Mahmood Al Zarooni banned by British Horseracing Authority after admitting to giving anabolic steroids to 15 horses under his care.
The president of BEVA is confident no British vet was involved in giving anabolic steroids to the horses in the Godolphin doping scandal.
Goldolphin trainer Mahmood Al Zarooni was banned from the sport for eight years after 11 horses tested positive for anabolic steroids at the yard he ran in Newmarket.
Al Zarooni also admitted administering ethylestranol and stanozolol to four other horses in what has been described as the biggest doping scandal in British racing history.
As well as banning Al Zarooni, all 15 horses involved were banned from racing for six months by the British Horseracing Authority (BHA) on April 25, 2013.
Godolphin racing manager Simon Crisford said: “This is a terrible situation. It’s an awful situation that Godolphin has found itself in. Mr Al Zarooni acted with awful recklessness and caused tremendous damage, not only to Godolphin and British racing.
“I think it will take a very long time for Godolphin to regain the trust of the British public. We’re shocked and completely outraged by the actions he (Al Zarooni) has taken.”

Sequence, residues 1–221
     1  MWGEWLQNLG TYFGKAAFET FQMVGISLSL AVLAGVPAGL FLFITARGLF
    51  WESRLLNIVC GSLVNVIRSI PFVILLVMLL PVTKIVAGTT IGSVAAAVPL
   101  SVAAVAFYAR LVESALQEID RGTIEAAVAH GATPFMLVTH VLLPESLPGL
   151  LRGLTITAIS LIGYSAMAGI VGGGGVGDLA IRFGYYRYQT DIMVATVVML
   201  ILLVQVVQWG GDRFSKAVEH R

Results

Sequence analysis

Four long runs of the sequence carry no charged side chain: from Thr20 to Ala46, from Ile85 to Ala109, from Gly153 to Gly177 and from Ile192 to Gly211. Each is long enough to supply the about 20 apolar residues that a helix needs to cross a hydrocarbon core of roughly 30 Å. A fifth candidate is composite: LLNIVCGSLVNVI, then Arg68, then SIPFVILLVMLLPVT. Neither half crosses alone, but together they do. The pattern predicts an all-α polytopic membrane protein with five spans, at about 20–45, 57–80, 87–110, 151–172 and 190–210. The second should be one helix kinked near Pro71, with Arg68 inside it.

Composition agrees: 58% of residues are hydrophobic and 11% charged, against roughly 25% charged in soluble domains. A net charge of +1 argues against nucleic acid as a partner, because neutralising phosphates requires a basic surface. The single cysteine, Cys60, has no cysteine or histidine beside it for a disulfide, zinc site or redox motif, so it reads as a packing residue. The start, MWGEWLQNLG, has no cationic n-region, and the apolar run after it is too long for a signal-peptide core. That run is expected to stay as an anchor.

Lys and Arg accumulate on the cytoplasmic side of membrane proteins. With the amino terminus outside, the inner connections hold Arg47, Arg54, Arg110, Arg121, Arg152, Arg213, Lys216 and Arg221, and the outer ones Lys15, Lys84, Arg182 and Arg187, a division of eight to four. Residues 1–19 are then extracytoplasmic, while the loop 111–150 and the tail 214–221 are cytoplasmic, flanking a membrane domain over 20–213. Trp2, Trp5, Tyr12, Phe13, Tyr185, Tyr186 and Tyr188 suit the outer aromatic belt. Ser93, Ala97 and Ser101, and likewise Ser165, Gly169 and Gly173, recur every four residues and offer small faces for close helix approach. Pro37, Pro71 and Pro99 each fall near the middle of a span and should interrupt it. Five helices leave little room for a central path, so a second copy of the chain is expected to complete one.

During the hearing Al Zarooni named three other men involved in drugging the horses – two foremen and a veterinary assistant. However, BEVA president Keith Chandler believes no British vet played a part in acquiring or administering the steroids.
He said: “We were shocked by this story because these types of medicines are banned for a reason.
“This is partly an equine welfare issue, but the other side of it is that these medicines give the horses an unfair advantage and this falls well below the standard we expect from the British racing industry.
“But what it does show is just how good the British Horseracing Authority is to pick up these positives, especially as we rarely see positives of this type.”
Mr Chandler added: “I would be very surprised to discover these medicines had been supplied or administered by a UK vet. These medicines are not routinely used by equine vets in the UK. It would be very unusual for equine vets to have these [ethylestranol and stanozolol] or to be able to get access to these medicines. This is not a medicine used over here, but they must have come from somewhere.”